8. 8. Projects Management in Reality: Lessons from Government Projects elements pointed out here are considered to be some valuable lessons learned during the implementation of several government IT projects and that if understood thoroughly could minimise the potential problems with the management and resultant delays in similar projects elsewhere and smooth their implementation. Figure 1: Projects Pitfalls Overview They need to be comprehended and understood by the key stakeholders in projects and organisations, and not only the project management professionals. The following sections look at each encountered project pitfall individually. 3
  9. 9. Projects Management in Reality: Lessons from Government Projects 2. HOLISTIC APPROACH IN PLANNING THE PROJECTS One of the key problems with especially IT projects is the fact that the basic business principles associated with each project are sometimes underestimated or totally ignored. The reason often being a total lack of knowledge or ignorance in regard to the simple principles of sound Public Administration. No project can be implemented in a smooth and time scale manner if the total business process is not determined or comprehended up front. This entails the identification in detail of the different processes, supporting legislation, rules and regulations to be applied, what will be required in terms of finance, human resources, accommodation and related requirements. The IT divisions should only be tasked with execution once these basics have been determined. For example, once the different processes required by the project are determined in detail by the business experts, it becomes easy to determine the required skills necessary to attend to all the different aspects of the project. Personnel working on the projects should therefore consist of a blend of business as well as IT experts. Decisions regarding the business issues will 4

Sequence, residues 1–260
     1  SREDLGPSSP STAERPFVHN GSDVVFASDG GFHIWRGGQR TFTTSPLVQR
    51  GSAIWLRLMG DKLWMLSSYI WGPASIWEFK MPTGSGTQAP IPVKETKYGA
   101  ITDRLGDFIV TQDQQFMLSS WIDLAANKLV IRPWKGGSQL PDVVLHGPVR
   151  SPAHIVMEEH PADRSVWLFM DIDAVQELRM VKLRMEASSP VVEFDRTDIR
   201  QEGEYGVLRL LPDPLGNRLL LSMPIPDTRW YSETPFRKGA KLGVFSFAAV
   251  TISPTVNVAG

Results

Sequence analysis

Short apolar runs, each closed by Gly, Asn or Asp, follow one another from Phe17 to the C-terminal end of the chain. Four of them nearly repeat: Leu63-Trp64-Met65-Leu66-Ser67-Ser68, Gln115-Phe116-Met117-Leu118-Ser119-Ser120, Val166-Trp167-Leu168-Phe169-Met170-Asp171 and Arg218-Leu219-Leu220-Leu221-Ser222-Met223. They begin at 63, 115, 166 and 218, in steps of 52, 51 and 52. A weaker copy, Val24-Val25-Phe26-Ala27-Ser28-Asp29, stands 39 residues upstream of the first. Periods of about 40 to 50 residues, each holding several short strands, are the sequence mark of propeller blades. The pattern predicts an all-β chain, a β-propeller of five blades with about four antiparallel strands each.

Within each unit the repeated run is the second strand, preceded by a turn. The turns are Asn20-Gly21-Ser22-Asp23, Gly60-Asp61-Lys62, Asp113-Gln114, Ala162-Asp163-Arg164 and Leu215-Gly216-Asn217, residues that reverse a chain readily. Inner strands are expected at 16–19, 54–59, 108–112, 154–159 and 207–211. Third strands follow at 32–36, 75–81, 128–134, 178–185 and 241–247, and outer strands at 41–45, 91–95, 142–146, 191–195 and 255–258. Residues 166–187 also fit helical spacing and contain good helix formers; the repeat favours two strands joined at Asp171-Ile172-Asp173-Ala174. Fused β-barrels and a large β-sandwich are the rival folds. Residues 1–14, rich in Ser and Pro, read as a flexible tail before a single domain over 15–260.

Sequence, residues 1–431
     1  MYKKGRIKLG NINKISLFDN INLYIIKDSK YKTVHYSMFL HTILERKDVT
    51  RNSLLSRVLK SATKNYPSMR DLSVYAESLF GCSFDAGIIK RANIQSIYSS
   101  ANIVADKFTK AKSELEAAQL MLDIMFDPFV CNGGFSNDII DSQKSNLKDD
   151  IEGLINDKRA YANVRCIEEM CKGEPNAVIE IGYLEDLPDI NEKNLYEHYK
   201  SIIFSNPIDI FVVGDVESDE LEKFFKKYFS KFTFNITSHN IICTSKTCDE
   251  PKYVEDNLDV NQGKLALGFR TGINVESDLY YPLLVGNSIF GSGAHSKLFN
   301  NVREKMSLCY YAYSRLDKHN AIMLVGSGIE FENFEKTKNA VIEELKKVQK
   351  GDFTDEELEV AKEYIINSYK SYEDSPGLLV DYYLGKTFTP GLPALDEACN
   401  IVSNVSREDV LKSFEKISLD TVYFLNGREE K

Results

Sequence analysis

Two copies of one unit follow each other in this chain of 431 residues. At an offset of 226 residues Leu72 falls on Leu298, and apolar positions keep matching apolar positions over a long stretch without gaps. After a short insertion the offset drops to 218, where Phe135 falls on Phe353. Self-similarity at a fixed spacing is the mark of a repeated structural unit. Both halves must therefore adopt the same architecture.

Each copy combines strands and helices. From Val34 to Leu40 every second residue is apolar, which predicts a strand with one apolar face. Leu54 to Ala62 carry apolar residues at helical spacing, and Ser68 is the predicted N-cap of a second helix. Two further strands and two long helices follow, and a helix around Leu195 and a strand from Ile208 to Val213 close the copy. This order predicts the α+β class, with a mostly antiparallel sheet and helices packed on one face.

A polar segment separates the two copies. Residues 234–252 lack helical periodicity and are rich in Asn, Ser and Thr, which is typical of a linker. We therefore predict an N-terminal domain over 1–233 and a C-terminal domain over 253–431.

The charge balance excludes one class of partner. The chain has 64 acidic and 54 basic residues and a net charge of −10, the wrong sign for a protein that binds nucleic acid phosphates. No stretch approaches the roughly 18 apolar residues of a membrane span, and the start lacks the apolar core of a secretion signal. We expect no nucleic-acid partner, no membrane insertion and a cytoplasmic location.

10. 10. Projects Management in Reality: Lessons from Government Projects be taken by business experts and not vice versa. IT experts will therefore be given a clear indication of what is required by the business experts and can apply their expertise to execute it in the best possible way. Through this interaction between the business and IT experts the best possible solutions and/or decisions will be implemented. As a result of poor planning, all the relevant aspects of the project are not taken into consideration, resulting in unrealistic target dates being set. Often when these target dates are not reached, a scapegoat is searched for to carry the blame. It is in this instance very often seen that the magnitude of a project is underestimated to such an extent that unrealistic timeframes and closing dates are set for the project. This is typically the result of inexperienced persons planning a project. Without a clear understanding of what the project entails, it is often found that the wrong skills are appointed or they are appointed at a very late stage in the project and there is always the tendency from these appointees to re-invent the wheel. This results in endless disagreements from both sides and causes delays without real value being added to the project. It is therefore of the utmost importance to appoint the required skilled personal on the business and IT sides from the outset, in order to avoid these fruitless differences and delays. Provision is sometimes not made in advance to accommodate equipment, personnel working on the new project and for the public to be served in a user friendly environment. This also leads to endless delays and deadlines have to be postponed on a continuous basis. There should also be a clear line of communication between the project management and the sponsor of the project. Without that, vital information is sometimes ―withheld‖ from the sponsor or his decisions are anticipated only to be rectified once he becomes aware of it. 5